On motion the report of the Committee on Periodicals 
was taken from the table and adopted. 

On motion of J. L. Carroll, the Secretaries of the Conven- 
tion were instructed to receive and print with their Minutes 
the proceedings of the Baptist Historical Society as held 
here yesterday afternoon. 

On motion, all speeches to-day limited to fifteen minutes. 

The Committee on Obituaries submitted their report, as 


The past year has been one of unusual mortality among the ministers 
and prominent laymen of our churches. In addition to the sixteen 
ministers and two laymen mentioned in the report of the Board of Mis- 
sions and Sunday-Schools, the committee have to report the death of 

Bro. T. J. RiDDiCK, near Sandy Cross, Gates County, on September 


9, 1S93, in his fiftieth year. In his twenty-fourth year he connected 
himself with the Sandy Cross Baptist Church; soon afterwards he was 
made clerk of his church and served until 1891, when he moved his 
membership to Beulah church. He was clerk of the Chowan Associa- 
tion from 1889 till his death. 

On Sunday, November 26, 1893, J. A. Delke, LIv. D., died in his sev- 
enty-third year. For many years he was a constant attendant on and a 
member of this Convention. He was an able, faithful, conscientious 
and self-sacrificing man, who devoted his best energies to the promotion 
of measures for the good of humanity and the glory of God. A more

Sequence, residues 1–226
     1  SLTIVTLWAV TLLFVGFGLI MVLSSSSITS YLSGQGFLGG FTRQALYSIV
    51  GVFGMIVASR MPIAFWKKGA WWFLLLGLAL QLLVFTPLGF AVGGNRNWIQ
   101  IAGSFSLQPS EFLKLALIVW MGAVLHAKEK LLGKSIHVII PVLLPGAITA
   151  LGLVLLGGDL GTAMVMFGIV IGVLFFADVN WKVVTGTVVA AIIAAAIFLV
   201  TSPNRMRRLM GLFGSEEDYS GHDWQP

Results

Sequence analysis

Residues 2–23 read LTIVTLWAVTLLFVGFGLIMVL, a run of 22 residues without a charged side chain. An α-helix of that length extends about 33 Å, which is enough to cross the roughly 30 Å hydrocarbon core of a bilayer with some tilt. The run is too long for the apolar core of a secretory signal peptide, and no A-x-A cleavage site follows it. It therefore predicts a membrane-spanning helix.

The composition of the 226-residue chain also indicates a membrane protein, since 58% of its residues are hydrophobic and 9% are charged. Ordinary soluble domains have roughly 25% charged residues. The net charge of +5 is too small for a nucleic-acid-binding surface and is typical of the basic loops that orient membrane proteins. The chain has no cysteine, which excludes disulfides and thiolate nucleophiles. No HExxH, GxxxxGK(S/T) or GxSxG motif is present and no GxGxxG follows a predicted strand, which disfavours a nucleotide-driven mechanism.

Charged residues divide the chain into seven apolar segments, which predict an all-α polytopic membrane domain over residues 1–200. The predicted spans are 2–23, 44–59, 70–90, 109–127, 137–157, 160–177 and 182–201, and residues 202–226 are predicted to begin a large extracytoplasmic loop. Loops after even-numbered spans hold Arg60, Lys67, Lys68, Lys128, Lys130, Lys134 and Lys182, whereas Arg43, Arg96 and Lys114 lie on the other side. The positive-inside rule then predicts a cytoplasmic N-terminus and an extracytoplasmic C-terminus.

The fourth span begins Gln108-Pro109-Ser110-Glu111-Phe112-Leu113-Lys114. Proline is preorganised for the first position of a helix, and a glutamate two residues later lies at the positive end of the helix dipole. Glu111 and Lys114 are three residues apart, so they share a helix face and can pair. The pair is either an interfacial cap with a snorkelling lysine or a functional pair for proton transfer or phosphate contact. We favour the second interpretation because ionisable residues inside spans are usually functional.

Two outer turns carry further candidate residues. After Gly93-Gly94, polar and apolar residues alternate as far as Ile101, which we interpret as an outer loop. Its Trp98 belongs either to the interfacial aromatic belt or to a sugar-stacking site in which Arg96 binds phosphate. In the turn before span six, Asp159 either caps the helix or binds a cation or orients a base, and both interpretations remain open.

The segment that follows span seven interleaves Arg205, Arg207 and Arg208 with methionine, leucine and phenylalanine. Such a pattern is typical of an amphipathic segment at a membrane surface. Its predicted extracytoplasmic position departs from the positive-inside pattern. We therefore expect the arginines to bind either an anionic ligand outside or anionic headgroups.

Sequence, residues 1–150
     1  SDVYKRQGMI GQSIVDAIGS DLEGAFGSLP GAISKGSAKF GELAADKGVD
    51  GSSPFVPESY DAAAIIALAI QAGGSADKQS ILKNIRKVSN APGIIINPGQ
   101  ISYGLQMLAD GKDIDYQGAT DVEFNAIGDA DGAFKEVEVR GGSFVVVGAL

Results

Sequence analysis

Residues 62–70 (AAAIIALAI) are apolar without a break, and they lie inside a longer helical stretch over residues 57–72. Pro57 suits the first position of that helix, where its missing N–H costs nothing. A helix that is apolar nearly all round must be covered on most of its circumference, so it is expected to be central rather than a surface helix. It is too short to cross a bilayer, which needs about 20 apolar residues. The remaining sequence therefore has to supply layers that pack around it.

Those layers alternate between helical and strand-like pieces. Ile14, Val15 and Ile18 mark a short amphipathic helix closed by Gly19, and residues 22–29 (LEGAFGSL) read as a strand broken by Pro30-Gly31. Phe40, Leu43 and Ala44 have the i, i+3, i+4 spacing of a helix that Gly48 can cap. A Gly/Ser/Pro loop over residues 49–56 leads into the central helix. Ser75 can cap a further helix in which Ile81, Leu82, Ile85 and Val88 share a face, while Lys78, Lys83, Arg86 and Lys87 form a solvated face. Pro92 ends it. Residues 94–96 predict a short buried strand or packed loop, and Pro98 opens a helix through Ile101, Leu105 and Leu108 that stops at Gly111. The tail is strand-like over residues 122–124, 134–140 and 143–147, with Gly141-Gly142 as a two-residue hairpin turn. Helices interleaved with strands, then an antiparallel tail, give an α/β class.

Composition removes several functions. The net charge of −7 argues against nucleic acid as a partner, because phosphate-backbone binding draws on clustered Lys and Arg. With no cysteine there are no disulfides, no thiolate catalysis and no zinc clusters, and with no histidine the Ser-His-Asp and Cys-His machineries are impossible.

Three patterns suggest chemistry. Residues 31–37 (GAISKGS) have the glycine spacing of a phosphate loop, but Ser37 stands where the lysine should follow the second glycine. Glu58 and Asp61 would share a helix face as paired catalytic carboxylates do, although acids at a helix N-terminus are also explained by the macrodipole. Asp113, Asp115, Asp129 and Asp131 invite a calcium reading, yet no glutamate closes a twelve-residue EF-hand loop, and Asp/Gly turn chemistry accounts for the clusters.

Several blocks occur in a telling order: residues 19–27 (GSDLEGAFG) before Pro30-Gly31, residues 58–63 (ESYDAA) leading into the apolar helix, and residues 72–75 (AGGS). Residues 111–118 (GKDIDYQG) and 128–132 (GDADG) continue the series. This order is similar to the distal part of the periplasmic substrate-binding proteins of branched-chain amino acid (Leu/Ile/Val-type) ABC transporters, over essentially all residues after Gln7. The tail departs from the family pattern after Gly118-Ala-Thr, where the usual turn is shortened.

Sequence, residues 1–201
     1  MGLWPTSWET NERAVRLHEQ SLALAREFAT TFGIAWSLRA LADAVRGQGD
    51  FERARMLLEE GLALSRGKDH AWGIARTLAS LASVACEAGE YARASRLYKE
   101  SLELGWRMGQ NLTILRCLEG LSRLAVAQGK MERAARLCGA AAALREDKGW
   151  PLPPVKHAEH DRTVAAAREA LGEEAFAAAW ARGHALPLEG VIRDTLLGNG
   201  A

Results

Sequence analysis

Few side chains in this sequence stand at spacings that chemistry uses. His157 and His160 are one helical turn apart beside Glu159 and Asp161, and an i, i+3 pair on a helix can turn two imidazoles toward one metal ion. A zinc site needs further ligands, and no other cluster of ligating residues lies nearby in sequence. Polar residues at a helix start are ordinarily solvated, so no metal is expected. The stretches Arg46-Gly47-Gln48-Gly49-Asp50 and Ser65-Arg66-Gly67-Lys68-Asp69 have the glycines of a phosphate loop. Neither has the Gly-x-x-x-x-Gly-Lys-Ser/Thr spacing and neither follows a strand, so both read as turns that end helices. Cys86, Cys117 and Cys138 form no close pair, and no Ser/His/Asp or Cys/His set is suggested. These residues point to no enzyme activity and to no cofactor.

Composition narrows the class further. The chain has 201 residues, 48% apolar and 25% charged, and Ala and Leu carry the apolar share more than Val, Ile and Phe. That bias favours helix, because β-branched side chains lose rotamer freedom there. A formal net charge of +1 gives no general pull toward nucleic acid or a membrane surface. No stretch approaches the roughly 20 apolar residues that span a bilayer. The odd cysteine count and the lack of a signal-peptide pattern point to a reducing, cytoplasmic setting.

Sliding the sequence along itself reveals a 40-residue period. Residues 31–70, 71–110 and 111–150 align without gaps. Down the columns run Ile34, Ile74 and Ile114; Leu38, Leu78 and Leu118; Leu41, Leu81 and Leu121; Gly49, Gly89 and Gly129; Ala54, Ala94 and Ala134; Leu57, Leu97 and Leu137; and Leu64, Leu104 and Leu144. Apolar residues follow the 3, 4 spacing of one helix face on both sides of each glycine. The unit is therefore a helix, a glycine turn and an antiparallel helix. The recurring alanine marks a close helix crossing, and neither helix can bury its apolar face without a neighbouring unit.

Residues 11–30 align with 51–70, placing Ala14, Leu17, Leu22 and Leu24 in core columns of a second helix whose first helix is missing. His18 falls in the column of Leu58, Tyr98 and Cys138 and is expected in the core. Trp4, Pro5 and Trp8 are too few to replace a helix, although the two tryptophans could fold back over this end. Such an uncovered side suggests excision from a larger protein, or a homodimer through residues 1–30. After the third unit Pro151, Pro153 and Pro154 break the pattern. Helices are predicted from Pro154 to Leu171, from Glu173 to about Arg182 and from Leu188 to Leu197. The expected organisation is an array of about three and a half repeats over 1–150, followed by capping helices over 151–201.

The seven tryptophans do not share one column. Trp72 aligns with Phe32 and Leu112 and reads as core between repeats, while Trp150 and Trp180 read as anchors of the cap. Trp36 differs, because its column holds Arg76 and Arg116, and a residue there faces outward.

extended notice of his services to his people in Christian education and 
church work, will appear in the Biblical Recorder at an early date. A 
notice commensurate with his services would be too lengthy for inser- 
tion in the Minutes of the Convention. 


G. M. WEBB, 


Coming up as the regular order, the report of the Com- 
mittee on the Conclusions of the Board of Missions and 
Sunday-Schools was read, as follows: 

The Committee on the Conclusions of the Board of Missions and 
Sunday-Schools respectfully report: 

That in their opinion the method of raising the debt due by the Board 
of Missions and Sunday-Schools, suggested in the report of said Board, 
be adopted, that is, that the effort be made to find one hundred indi- 
viduals, churches or Associations who will pay the entire debt within 
ninety days from January i, 1894. 

The Committee further recommends that the following Article be 
added to the Constitution, to follow Article eleven, viz.: